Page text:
Alan Robock, a leading climate scientist and a professor at Rutgers University, begins his RealClimate post on geoengineering on an unfortunate note:
Bjorn Lomborg’s Climate Consensus Center just released an un-refereed report on geoengineering, An Analysis of Climate Engineering as a Response to Global Warming, by J Eric Bickel and Lee Lane. The “consensus” in the title of Lomborg’s center is based on a meeting of 50 economists last year. The problem with allowing economists to decide the proper response of society to global warming is that they base their analysis only on their own quantifications of the costs and benefits of different strategies. In this report, discussed below, they simply omit the costs of many of the potential negative aspects of producing a stratospheric cloud to block out sunlight or cloud brightening, and come to the conclusion that these strategies have a 25-5000 to 1 benefit/cost ratio. That the second author works for the American Enterprise Institute, a lobbying group that has been a leading global warming denier, is not surprising, except that now they are in favor of a solution to a problem they have claimed for years does not exist.
Is Lee Lane a global warming denier? If not, why damn him by association? Moreover, is it fair to claim that AEI is a hotbed of global warmer deniers? AEI hosted an excellent address by Jim Manzi, who has forcefully argued that human-forced climate change is a real threat. That said, Robock goes on to make a number of excellent points, many of which I hadn’t considered.
My main areas of agreement with this report are that global warming is an important, serious problem, that SRM with stratospheric aerosols or cloud brightening would not be expensive, and that we indeed need more research into geoengineering. The authors provide a balanced introduction to the issues of global warming and the possible types of geoengineering.
But Bickel and Lane ignore the effects of ocean acidification from continued CO2 emissions, dismissing this as a lost cause. Even without global warming, reducing CO2 emissions is needed to do the best we can to save the ocean. The costs of this continuing damage to the planet, which geoengineering will do nothing to address, are ignored in the analysis in this report. And without mitigation, SRM would need to be continued for hundreds of years. If it were stopped, by the loss of interest or means by society, the resulting rapid warming would be much more dangerous than the gradual warming we are now experiencing.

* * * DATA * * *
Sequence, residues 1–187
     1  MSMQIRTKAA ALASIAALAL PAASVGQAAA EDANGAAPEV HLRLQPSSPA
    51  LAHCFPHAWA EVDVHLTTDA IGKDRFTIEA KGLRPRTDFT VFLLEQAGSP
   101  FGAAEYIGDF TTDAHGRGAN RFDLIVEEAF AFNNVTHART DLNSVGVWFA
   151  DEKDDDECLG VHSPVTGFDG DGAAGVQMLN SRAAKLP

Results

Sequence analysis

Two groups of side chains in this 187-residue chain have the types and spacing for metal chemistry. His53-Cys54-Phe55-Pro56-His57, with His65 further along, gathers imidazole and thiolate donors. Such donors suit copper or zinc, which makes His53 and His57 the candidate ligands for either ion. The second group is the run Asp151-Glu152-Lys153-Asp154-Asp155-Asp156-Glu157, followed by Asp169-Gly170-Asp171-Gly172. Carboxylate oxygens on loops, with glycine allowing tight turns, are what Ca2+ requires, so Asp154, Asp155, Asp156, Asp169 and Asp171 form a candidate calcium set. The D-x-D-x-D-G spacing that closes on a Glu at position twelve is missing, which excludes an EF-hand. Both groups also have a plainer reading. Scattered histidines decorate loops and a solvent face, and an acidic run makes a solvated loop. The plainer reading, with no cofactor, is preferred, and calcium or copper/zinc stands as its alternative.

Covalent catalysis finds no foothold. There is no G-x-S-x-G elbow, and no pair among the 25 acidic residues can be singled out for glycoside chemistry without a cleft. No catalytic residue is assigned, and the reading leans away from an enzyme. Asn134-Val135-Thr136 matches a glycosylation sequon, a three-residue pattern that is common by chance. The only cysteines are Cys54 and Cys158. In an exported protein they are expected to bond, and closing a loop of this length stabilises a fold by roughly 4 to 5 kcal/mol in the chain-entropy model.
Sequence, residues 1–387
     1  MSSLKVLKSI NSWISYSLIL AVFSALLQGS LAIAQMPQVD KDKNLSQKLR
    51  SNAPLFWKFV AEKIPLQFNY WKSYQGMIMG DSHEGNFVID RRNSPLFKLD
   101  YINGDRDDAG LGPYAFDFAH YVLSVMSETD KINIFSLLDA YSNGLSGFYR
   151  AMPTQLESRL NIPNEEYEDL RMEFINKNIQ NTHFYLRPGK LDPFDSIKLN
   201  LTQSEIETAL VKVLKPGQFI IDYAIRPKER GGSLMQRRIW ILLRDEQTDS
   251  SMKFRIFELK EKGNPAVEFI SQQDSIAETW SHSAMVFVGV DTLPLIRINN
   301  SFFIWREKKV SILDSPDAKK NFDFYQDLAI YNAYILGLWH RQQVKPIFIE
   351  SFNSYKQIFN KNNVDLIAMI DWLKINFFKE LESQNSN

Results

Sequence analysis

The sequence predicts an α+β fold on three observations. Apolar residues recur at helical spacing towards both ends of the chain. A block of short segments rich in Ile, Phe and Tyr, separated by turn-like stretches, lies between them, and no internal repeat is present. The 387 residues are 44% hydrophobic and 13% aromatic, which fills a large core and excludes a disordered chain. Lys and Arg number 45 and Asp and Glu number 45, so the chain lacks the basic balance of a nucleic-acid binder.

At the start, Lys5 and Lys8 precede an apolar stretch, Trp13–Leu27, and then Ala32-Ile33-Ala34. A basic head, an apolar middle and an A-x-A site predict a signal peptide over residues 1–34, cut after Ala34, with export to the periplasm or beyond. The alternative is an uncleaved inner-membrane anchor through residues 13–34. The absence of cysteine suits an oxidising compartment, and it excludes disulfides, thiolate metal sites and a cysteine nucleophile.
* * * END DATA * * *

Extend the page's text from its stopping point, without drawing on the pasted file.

Bickel and Lane do not even mention several potential negative effects of SRM, including getting rid of blue skies, huge reductions in solar power from systems using direct solar radiation, or ruining terrestrial optical astronomy. They imply that SRM technologies will work perfectly, and ignore unknown unknowns. Not one cloud has ever been artificially brightened by injection of sea salt aerosols, yet this report claims to be able to quantify the benefits and the costs to society of cloud brightening.
They also imply that stratospheric geoengineering can be tested at a small scale, but this is not true.
Overall, Robock offers a thoughtful take on the issue, one that ought to take wind out of the sails of geoengineering enthusiasts like myself. Cloud brightening has always struck me as an attractive, low-cost approach, yet Robock highlights some of the pitfalls.
With respect to cloud brightening, Bickel and Lane ignore the Jones et al. (2009) results that cloud brightening would mainly cool the oceans and not affect land temperature much, so that it is an imperfect method at best to counter global warming. Furthermore Jones et al. (2009) found that cloud brightening over the South Atlantic would produce severe drought over the Amazon, destroying the tropical forest.
This is an important thing to keep in mind about the climate debate: our models for understanding the climate are incredibly crude, and we have a very poor understanding of the feedback mechanisms at work.